Hope Star from Hope, Arkansas on August 10, 1974 · Page 6
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Hope Star from Hope, Arkansas · Page 6

Hope, Arkansas
Issue Date:
Saturday, August 10, 1974
Page 6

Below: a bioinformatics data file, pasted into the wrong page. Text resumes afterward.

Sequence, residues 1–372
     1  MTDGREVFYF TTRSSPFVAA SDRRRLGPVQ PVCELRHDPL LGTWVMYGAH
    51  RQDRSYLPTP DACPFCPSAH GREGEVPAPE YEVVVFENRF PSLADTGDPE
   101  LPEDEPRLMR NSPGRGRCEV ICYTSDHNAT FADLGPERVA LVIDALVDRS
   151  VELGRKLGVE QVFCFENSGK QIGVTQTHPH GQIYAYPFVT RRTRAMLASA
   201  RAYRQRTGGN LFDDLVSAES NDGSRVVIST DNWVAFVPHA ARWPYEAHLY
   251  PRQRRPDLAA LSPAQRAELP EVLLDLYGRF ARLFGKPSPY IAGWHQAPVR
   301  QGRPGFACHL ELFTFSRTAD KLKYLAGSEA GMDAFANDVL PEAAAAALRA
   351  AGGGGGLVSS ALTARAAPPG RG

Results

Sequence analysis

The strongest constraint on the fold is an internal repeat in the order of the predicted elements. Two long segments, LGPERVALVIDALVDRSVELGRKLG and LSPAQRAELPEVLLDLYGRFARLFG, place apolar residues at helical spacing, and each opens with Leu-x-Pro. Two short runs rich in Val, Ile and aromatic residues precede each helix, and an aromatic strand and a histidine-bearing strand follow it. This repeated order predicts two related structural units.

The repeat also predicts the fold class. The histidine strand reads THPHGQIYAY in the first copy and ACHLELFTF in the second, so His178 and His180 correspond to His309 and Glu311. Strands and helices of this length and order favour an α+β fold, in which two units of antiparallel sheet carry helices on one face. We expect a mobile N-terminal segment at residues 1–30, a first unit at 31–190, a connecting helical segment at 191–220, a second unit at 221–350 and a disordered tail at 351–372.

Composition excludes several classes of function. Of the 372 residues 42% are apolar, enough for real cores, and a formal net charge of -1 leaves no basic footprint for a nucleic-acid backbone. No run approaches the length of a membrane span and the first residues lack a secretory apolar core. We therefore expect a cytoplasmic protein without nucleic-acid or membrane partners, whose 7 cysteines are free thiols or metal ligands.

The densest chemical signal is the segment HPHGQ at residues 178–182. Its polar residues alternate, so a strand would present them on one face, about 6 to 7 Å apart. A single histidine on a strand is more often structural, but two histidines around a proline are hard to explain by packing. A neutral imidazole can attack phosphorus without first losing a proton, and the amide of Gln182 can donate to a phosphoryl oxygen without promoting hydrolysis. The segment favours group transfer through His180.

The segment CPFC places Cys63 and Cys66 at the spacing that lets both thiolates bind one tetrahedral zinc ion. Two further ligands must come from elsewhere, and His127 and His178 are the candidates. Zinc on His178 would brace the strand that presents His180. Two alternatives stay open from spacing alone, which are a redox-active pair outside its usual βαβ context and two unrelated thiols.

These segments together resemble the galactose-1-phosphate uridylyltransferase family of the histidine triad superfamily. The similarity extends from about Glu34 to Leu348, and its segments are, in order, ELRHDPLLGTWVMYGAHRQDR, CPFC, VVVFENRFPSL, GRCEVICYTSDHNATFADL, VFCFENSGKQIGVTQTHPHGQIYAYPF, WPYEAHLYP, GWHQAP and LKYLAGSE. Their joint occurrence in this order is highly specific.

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Page Six (Afck.) StAK Saturday, August 10, 1974 The Doc who operated on Yogi's grammar By Ira Berkow NKA Sports Kditor NEW YORK-<NKA)-The story has become part of our folklore, growing from many idlings with leaps and hounds like the Jumping' Frog <>r Calavrras County. The story, as most sports fans can repeal in the.ir sleep or while watching a baseball name 'which some consider the same thing), goes thus: In Hie late 1940s, there were two roommates on the New York Yankees who appeared as disparate in their lifestyles as Kinstein and Blips' Bunny. The two were Bobby Brown and Yogi Berra. Uoherl William M)oc) Brown was a third baseman and also a medical student. He planned to become a cardiologist. Lawrence Peter (Yogii Berra was a catcher and also a student of contemporary literature in comic book form. He planned to become a catcher. The two would lie in their twin beds, absently rubbing Ibeir spike wounds while reading. Legend has it that Berra would be perusing his acknowledged favorites, such as Buck Rogers and various westerns; Brown would be browsing through "(Jray's Anatomy," One day, Brown and Berra closed their respective tomes at about the same lime. Berra is supposed lo have lurned to Brown and asked, "Well, how did it come out''" Recently, Brown, now a 1)H. KOKHY IWOWN: spending his "salibatical" running a hall club. Fort Worth. Texas, cardiologist, was asked if the story was true. "No," he replied. "I was reading Boyd's Pathology." Dr. Brown is temporarily back in baseball, alter having given up the lumber for the saw, so to speak. 20 years ago. A bunch of businessmen purchased the Texas Rangers Hi is season and asked Dr. Brown to give them a hand wilh running the club for awhile. Dr. Brown agreed. He said he will act as interim president of the club for a couple of months. This is the first lime since l!)54 that he has taken what he calls "a sabbatical." His stethoscope will not lie fallow, however. Dr. Brown's five office associates will look after his patients in his absence. Dr. Brown has not been completely out of contact with baseball. For one thing, he still is aware of his records. He is the joint holder of two World Series marks. His three pinch-hits in the World Series of 1947 has been lied four limes since then. And he is still tied with Kddie Collins for most triples in a five-game series, two. He remains in touch with Yogi Merra, now the New York Mots manager. "What do we talk about'.'" Yogi asked rhetorically. "Oh, how's the family. How're you. How am I. We're still good friends. I told him he should take a vacation a long lime ago." Yogi was asked about lha t l famous story. "It was true," he said. "Yeah, I wanted to know how it came out. He was reading about taking things out of the body-surgery and stuff. So I asked how you do it. I was just trying to 'learn somelhin'. "You know, Doc never called me Yogi. Always Lawrence. It was funny. Like if I mentioned I was going to the John, he'd correct me: 'No, Lawrence, the word is lavatory,'" Yogi laughed. Dr. Brown also has struck up an acquaintance with (i'-orge Medich, Hie Yankee pitcher. Medich is also called Doc" by his teammates, since he is in his third year of medical school. Medich said that he and Brown talk about the problems they shared. When the Yankees played in Arlington against the Rangers, Dr. Brown took Medich with him on his rounds. "It was a rare experience for me, for any medical student," said Medich. "We don't often get to see the practical side of medicine. It's all academic stuff as a student." Medich also got insights into his problem of studying on the road. "Dr. Brown told me it was very difficult for him, too. The thing is, you are alone with these books. And you have no one to talk with about what you are reading. "Sometimes it can gel very boring. I mean, 'Harrison's Internal Medicine' or 'Schwartz's General Surgery' or the intricacies of saphenous vein operations or the details of viral endocarditis with mural thrombi can get a bit much. Sometimes, in fact, I'll read those books when I'm having trouble falling asleep. Twenty minutes later I'm dead to the world." Medich said that last season his roommate was Ron Swoboda, nicknamed "Rocky." Swoboda read books by Kurt Vonnegut and avant-garde literature like "Jesus Christ Astronaut." "We had some pretty deep discussions about a lot of things, including medicine," said Medich. And so we witness the ravages of time. They don't make folklore —or roommates—like they used to. Ira Berkow Uncle Eddie's big battle By Ira Berkow NKA Sports Editor NEW YORK - (NKA) The story that my Uncle Eddie had boxed Barney Ross, who once held three world titles simultaneously, was a family legend. It ranked, in its way, with Ihe story around the same time about my cousin Melvin, when Melvin was about 5 years old in the 1920s. Talent contests were held in those d a y sal I o c a I Chicago theaters. This Saturday aft e r n o o n the r e was a Charleston contest. Melvin, seeing other kids in the family competing, rushed onstage and began jumping up and clown and Hailing his arms in miniature imitation. Within seconds, little Melvin was flying offstage, compliments of a hook. For me in the 50s, there was something tbrillingly special about Ihe Uncle Eddie heirloom that the Melvin tale couldn't touch. Perhaps it was thai it put me only twice removed from the famous world champion Ross, who had come from the Chicago West Side where I also was growing up. And I was becoming a fight fan. The Midwest Gym was only a mile from my home, and 1 would often go and see some of the greal fighters of the day train there, such as Graziaiio, Sugar Ray, Louis. I was filled with the smell of resin and the sound of fighters snorting in the ring like wounded bulls. 1 would pass a big bag and, when no one was watching, strike it with my bare fists. My imagination thrived but my scraped knuckles suffered. 1 remember seeing the boxing movie, "Body and Soul," and leaping up in nij seat and shouting tor John Garfield to get off the canvas, which he did. 1 was embarrassed when a woman behind me told me to sit down and shut up. "It's only a movie," she said. 1 remember 1 cried because there was a sad black man named Ben in the movie who was an old fighter going blind, or something like that One summer day, an extraordinary event took place. 1 was sitting with some friends on the sidewalk in the shade of an apartment building. A lady carrying several grocery packages stopped and asked if any of us wanted to help her for 10 cents. She said'she was only going two block.; down Roosevelt Road. 1 said I'd help. She was a pleasant woman and asked what I was interested iu. Sports, 1 said. "Oh," she said, "then you may have beard of my brother." "Your brother?" 1 repeated. "Yes," she said, "he was a boxer. Barney Ross." Wow 1 Are you kidding? Barney Koss!! I blurted that my Uncle Eddie once boxed him. It wasn't professional, I said. Just amateur. I told her that Barney Ross's manager told mv Uncle Max that my Uncle Eddie had a punch even more powerful than Barney Ross's. But my Uncle Eddie didn't keep boxing because bis mother, my grandmother, didn't want him to fight. I said, "You must have heard about Uncle Eddie." She said no. She quickly added gracefully. "I'm sure your Uncle Eddie was quite a boxer. It's just that I didn't follow fighting all that much myself. I never asked Uncle Eddie about Barney Ross. For two reasons: First, 1 knew he shied away from talking about fighting. He had been known as "Slugger" in his youth, a taut, banjo-eyed, black-haired 5-7 welterweight or middleweight (150 to 160 pounds) who always responded when a friend needed two-fisted protection. During the early days of the Depression, while working as a doorman at the Croyden Hotel, he punched a troublemaker. The guy happened to have been the son of influential parents, and Uncle Eddie was about to be fired. But a group of hotel residents said Eddie was a good man and should be kept. He was. My father said that that ended forever Uncle Eddie as "Slugger." The second reason I never asked Uncle Eddie about Barney Ross was, I imagine, that I was quite happy believing what 1 wanted to believe. When I was a teenager, I would wait for Uncle Eddie to get off work as, now, a doorman at the Morrison Hotel. We would take the elevated train home together. He was still fine, compact, handsome specimen of a man; still carefully groomed, with spit-polished black shoes and carrying a tooth brush in the inside breast pocket of his sport jacket. He told me about seeing the fighters who stayed at the Morrison, particularly Jack Dempsey, and how they'd kibbitz, throwing mock punches. A few years ago I saw Jack Dempsey at ringside of a sparring session for Jimmy Ellis in Madison Square Garden. I introduced myself and asked Dempsey, now with cane, if he d sign an autograph to my Uncle Eddie, and I explained. Dempsey, a very accommodating man, wrote, "To Eddie, Remember the old clays at the Morrison. Jack Dempsey." I sent it to Uncle Eddie, who got a big kick out of it. A year ago, at age 69, Uncle Eddie had a stroke, which affected his speech and his movements. He still took walks, but slower and shorter; he still tried to tell a joke but, frustrated at the sticking words, forced a smile and shrugged. I told him he couldn't stop now, that I had to know the punch line. And when we shook hands, he'd still feign that I squeezed too hard, as he had done for the last 30 years. Recently, Uncle Eddie had another stroke. As this is written he has been in a coma for two weeks, and in the hospital has also contracted a staph infection and pneumonia. His doctors say he is some battler, that he is showing great courage even while unconscious. The strange vocabulary of Rutherford By Ira Berkow NEW YORK (NEA) The first question 1 ever put to Johnny Rutherford, he answered "Vrroooom, vr- roooom, vrroooom." The answer was so startling that now , nine years later, 1 can't even remember the question. It was all the more disconcerting because this was my first assignment as a cub sports reporter for the Minneapolis Tribune. And on this late August day in 1965, in the infield at the Minnesota State Fair grounds, 1 was attempting to conduct my first interview. I asked Mr. Rutherford - this was before 1 knew sports reporters ought to be on first name bases with their subjects — another question. "Vrrooom, vrrooom, vrroooom," he reiterated. 1 svas getting worried. Either he didn't speak English or I didn't speak racing. Language, in fact, was one reason 1 was interviewing Rutherford. 1 needed an advance story for the upcoming big race, and the two favorites, Rutherford and Mario Andretti, were the obvious choices. I eliminated Andretti after he rather eliminated me. 1 spoke to him in the infield briefly. He spoke very briefly back. Perhaps he was shy wilh English, having grown up in Italy, or maybe he was surly, since he was not given to smiles. 1 tried Rutherford next. He smiled. By now, however, I was beginning to lose my equilibrium. First, there were Rutherford's weird replies, and, second, the incredible din of the autos racing around the oval. I decided to try one more question, then quit the newspaper business. This time, as in a dream, Rutherford spoke clearly and in a language I recognized. Not a single vrrooom. And it hit me why. For this one shining moment, the track was uniquely silent. I realized that the vrrooom was not Rutherford's verb, but belonged instead to the limited vocabulary of cars. All this came back to me recently when Rutherford made the headlines with his victory in the Indianapolis 500. His win for me was a kind of sentimental journey. We go ba.ck a long way together, though I'm certain he doesn't know it. And though 1 barely follow racing because I consider it a sport like jumping out of windows is a sport, I have followed Johnny Rutherford. And I've been rooting for him. Fir.it, because he was courteous and helpful to a callow cub who knew nothing about racing — I may have been the only man covering an auto race who didn't know how to fix a flat tire. Second, I've been rooting for Rutherford because in some macabre way, 1 admired his professionalism. The year before our interview, Rutherford was almost killed at Indy. He crashed into Eddie Sachs' car on the second lap. Sachs and another driver were killed. Rutherford suffered minor burns. He v.mted to continue but his auto was too badly damaged. A few days after the disaster he took a practice spin around the Indianapolis track. We talked about this on that Minnesota State Fairgrounds infield. He was beginning to speak in vrroooms again, so I virtually inserted my ear into his mouth. He didn't mind this, though he did request 1 take my poised pencil out of his nose. "When 1 went by the scene I got cold chills," he said, recalling that practice run. "But 1 felt no fear before or after about racing. If 1 did I'd quit. Sure, you feel bad when something like that happens, but it's kind of like being in a war - you keep on going." He shrugged his shoulders. Rutherford went on to explain his technique for avoiding crashes. He follows what he calls his "Daytona rule-of-thumb." "At the Daytona Beach Speedway in Florida," he said, "they've got a saying that, if there's a crackup ahead of you, go straight for it because it'll probably have moved up or down by the time you gel there." The following year 1 was horrified to see a picture on the wire of Rutherford's car making a spectacular flip over the wall at an Ohio race track. He only broke both his arms in that one. Two years later he was seriously burned in a crash at Phoenix. I wondered if he wasa t following his Daytona rule-ot'-lhumb. 1 thought, too, that he aught to think of something more safely sedentary. "When you're hurt so badly and you see so many others killed," he said later, "there is some thought of quitting racing. But 1 tell myself, 'What the hell else would 1 do?' " What he did was win the Indy 500, the greatest, accomplishment in his profession. I was happy to hear of his triumph, but not nearly so ecstatic as the moment I discovered that Rutherford's vocabulary possessed more than just the verb vrrooom. ^^^^^_~ ^^gj^^^ Hope Hempiteod County Star Sports Cepeda removes doubts on his ability to Royals Northrup trade proves wise move for Expos NKVV.M'Al'KH KV By ALEX SACHARE AP Sports Writer "You know," observed Orlando Cepeda, "I can still play baseball." The Boston Red Sox apparently had their doubts during spring training, when they released the 36-year-old slugger. But given a chance recently by ihe Kansas City Royals, Cepeda is proving the Boston brass — Player surge in 6 under par is a threat By WILL GRIMSLEY AP Special Correspondent CLEMMONS, N.C. (AP) - "I don't like to call it self-hypnosis," Gary Player said. "The name for it is concentration — that's a word most golfers know. Concentration and hard work." Thus, the 150-pound shotmak- ing computer from Johannesburg described the mental and physical discipline that carried him to the Masters and British Open championships this year and now has sent him surging into contention for the 56th PGA crown. "I knew I had a lot of shots to make up. I know it looks like I'm unemotional out there. I suppose I am. I just drop my head, look at the ground and keep going." Player was five shots out of the lead, starting the second round Friday in the late afternoon after John Schlee had forged into the undisputed lead with 68-67—135 and four other players, including Jack Nicklaus and Lee Trevino, had posted sub-par scores for 36 holes. Then came a drenching, 45- minute shower, suspending play for that period, and the situation looked even bleaker for the late starters, chief of whom were Player, Sam Snead and Arnold Palmer. Then came Player, marching over the fairways of the 7,050- yard Tanglewood course, spewing out birdies like a relentless machine. It was almost dark after a long, wet and taxing day when the 37-year-old South African came home with a record-tying six-under-par 64, which turned him into a definite threat for a third major championship this season. Evert survives three set scare at U.S. tourney By JOHN SHURR Associated Press Writer INDIANAPOLIS (AP) — Young Chris Evert, as cool a tennis player as ever crossed the Atlantic to nab a Wimbledon title for the United States, says she likes to see fans get excited — even if it's for her opponents. Chris and her younger sister, Jeanne, seeded No. 2 in women's doubles at the $130,000 U.S. Clay Court Tennis Championships, all but lost their third- round match Friday night and the fans were really getting with it in behalf of their opponents. "I think it's great," Chris said about the rooting after the Fort Lauderdale, Fla., combo overcame a 5-2 thirdsset deficit and defeated Jenny Walker of England and Christine O'Neil of Australia 6-4, 4-6, 7-5. Chris, who says she prefers giass and hard courts to clay, has been beseiged by autograph hounds along with her fiance Jimmy Connors throughout the week's action at the Indianapolis Racquet Club. Earlier in the day, Chris moved another step closer to her third consecutive U.S. Clay Court singles title by easily defeating No. 6 seed Virginia Ruzic of Romania 6-0,6-1. and a lot of other people — wrong. Cepeda drove in five runs Friday night, pacing the Royals lo a 13-3 romp over the Milwaukee Brewers. In five games with his new club, he has seven hits in 23 times at bat and has driven in 10 runs. Elsewhere in the American League Friday, Chicago beat Cleveland 5-3, Boston defeated Oakland 6-2, Minnesota trippled Baltimore 6-2, Texas edged Deli-oil 4-3 in 14 innings, and California beat New York 7-1. Friday night against Milwaukee, Cepeda helped Royals ace Steve Busby post his 17th victory against nine defeats. He doubled home two runs in the first inning, then slammed a bases-loaded double to drive in three more runs in the third as Kansas City jumped out to a 121 lead. White Sox 5, Indians 3 Consecutive homers by Pat Kelly and Jorge Orta started Ihe White Sox off to four runs in the sixth inning as they handed Gaylord Perry his sixth consecutive defeat. Perry, 15-7, held the White Sox to two hits until Kelly and Orta led off the sixth with homers lo tie the score 2-2. After Dick Allen walked, Carlos May smashed a long double off the center field fence, scoring Allen with the go-ahead run. May moved to third on Bill Melton's single and scored on Bill Sharp's sacrifice fly. Red Sox 6, A's 2 Juan Beniquez' bases-loaded double keyed a four-run second inning that lifted the Red Sox past the A's in a battle of AL division leaders. Beniquez drove in two runs and then came around to score on an infield out and an error by Oakland shortstop Dal Maxvill. Doug Griffin drove in the other run in the inning with an infield grounder. Twins 6, Orioles 2 The Twins grabbed a 6-0 lead with two runs in each of the first three innnings and sailed past Baltimore. Rangers 4, Tigers 3 Mike Hargrove's two-out single in the 14th inning lifted the Rangers to victory. Jim Sundberg opened the 14th with a single and moved up on a sacrifice. After Lenny Randle filed out and Jeff Burroughs was intentionally walked, Hargrove delivered his game-winning hit. Angels 7, Yankees 1 Rookie Frank Tanana stopped New York on seven hits while Bobby Valentine drove in three runs with a pair of singles. It was first victory for Tanana, 7-14, in a starting role since beating Oakland May 25. He struck out seven and did not walk a batter. By HAL BOCK AP Sports Writer It didn't take Jim Northrup long to get himself acclimated to his new surroundings in the National League. Purchased by Montreal from Detroit earlier this week, Northrup at first balked at reporting, then showed up in time for Friday night's game at Houston. The Astros wish he had waited a little longer. All the veteran outfielder did was stroke a game-tying home run in the seventh inning, and a single touching off the winning rally in the ninth as the Expos nipped Houston 4-3. Elsewhere in the National League, St. Louis opened its Ea-.t Division lead to 1M> games by defeating Los Angeles 5-3 while second-place Philadelphia was losing 3-2 in 11 innings to Atlanta. The Dodgers maintained their 5Vfe game lead in the West when second-place Cincinnati dropped a 4-1 decision to the New York Mets. Pittsburgh thumped San Diego 7-3 and San •Francisco shut out Chicago 3-0. The score was 2-2 : n the ninth when Northrup laced his second hit of the game. He moved up on a walk lo Ken Singleton and Ihen scampered home on Barry Foote's single. Ron Hunt singled home another run. The Expos needed that extra cushion because the Astros pushed across a run in the bottom of the ninth on Cesar Cedeno's Iwo-oul single. But reliever Don Carrithers nailed down the victory for Dennis Blair. Mets 4, Reds 1 Don Hahn scored New York's first run on a double by pitcher Gob Apodaca, and then added a three-run home run as New York stalled Cincinnati. Apodaca, 4-5, permitted just Iwo hits in seven innings and his fourth-inning double, only his second hit of the season, drove in Hahn. Cards 5, Dodgers 3 Ted Simmons' grand slam home run carried St. Louis over Los Angeles, the third straight loss for the Dodgers, NL West leaders. Baseball Scores By The Associated Press American League East W L Pet. GB Boston 62 50 .554 — Cleveland 57 53 .518 4 Baltimore 57 55 .509 5 New York 54 57 .486 7% Detroit 54 59 .478 8% Milwaukee 53 60 .469 9% West Oakland 66 48 .579 — Kan City 58 53 .523 6% Chicago 57 55 .509 8 Texas 58 57 .504 8% Minnesota 55 60 .478 11% California 45 69 .395 21 Friday's Results Chicago 5, Cleveland 3 Kansas City 13, Milwaukee 3 Minnesota 6, Baltimore 2 Texas 4, Detroit 3,14 innings Boston 6, Oakland 2 California 7, New York 1 Saturday's Games Chicago (Wood 17-13) at Cleveland (Bosman 5-0) Baltimore (Cuellar 13-8) at Minnesota (Blyleven 10-13) Boston (Marichal 4-1) at Oakland (Abbott 4-2 or Hamilton 64) Milwaukee (Slaton 8-13) at Kansas City (Dal Canton 7-5), N Detroit (LaGrow 7-12) at Texas (Jenkins 15-10), N New York (May 3-2) at California (Hassler 2-6), N Sunday's Games Chicago at Cleveland Baltimore at Minnesota Milwaukee at Kansas City Boston at Oakland New York at California Detroit at Texas, N National League East W L Pet. GB St Louis 60 54 .526 - Philaphia 58 55 .513 1>4 Pittsburgh 56 57 .496 3V 2 Montreal 53 58 .477 5% Chicago 46 64 .418 12 West Los Angeles 73 40 .646 — Cincinnati 68 46 .596 5V 2 Atlanta 59 54 .522 14 Houston 58 54 .518 14% San Fran 51 63 .447 22% San Diego 45 69 .395 28% Friday's Games San Francisco 3, Chicago 0 Atlanta 3, Philadelphia 2, 11 innings New York 4, Cincinnati 1 Pittsburgh 7, San Diego 3 St. Louis 5, Los Angeles 3 Montreal 4, Houston 3 Saturday's Games Atlanta (P.Niekro 12-9) at Philadelphia (Carlton 14-7) San Francisco (D'Acquisto 910) at Chicago (LaRoche 2-3) Cincinnati (Kirby 7-6) at New York (Seaver 7-7) Los Angeles (Rau 11-6) at St. Louis (Curtis 6-11 or Gibson 69), N San Diego (Freisleben 7-6) at Pittsburgh (Kison 6-6), N Montreal (Rogers 11-14) at Houston (Griffin 11-4), N Sunday's Games Atlanta at Philadelphia San Diego at Pittsburgh Cincinnati at New York San Francisco at Chicago Los Angeles at St. Louis Montreal at Houston *>o QOQOOOOOOOOQOOOGOQOOOeOOOOOOOOOPOOOO WRESTLING HOPE FAIR PARK COLISEUM SUNDAY AFTERNOON, AUGUST 11-5:3 TWO OUT OF THREE FALLS .~.i.i, .iiifeirti <The new North ARMAN HUSSIEN American Champion) SCANDORAKBAR SRMI-FINAL EVENT: FOUR MAN TAG TEAM JAPAN'S MR. ITO AND SUNG YUNG KUNG VS. TERRY LATHAM AND CHIEF THUNDERCLOUD The bouts are being held on Sunday afternoon this week only. The tickets are on sale now at the seven- eleven store on West Third and Washington Street in Hope. The box office at the Fair Park will not open until 4:30 Sunday afternoon- Fans are urged to get their tickets to avoid standing in line at tne box office. Ringside—$2.50; General Admission-$2.00; Children under U-?1.00. JoQOOO<XK><XX>OOO<X><XKK><XK>OOOO<XX>OQOOOO<>OO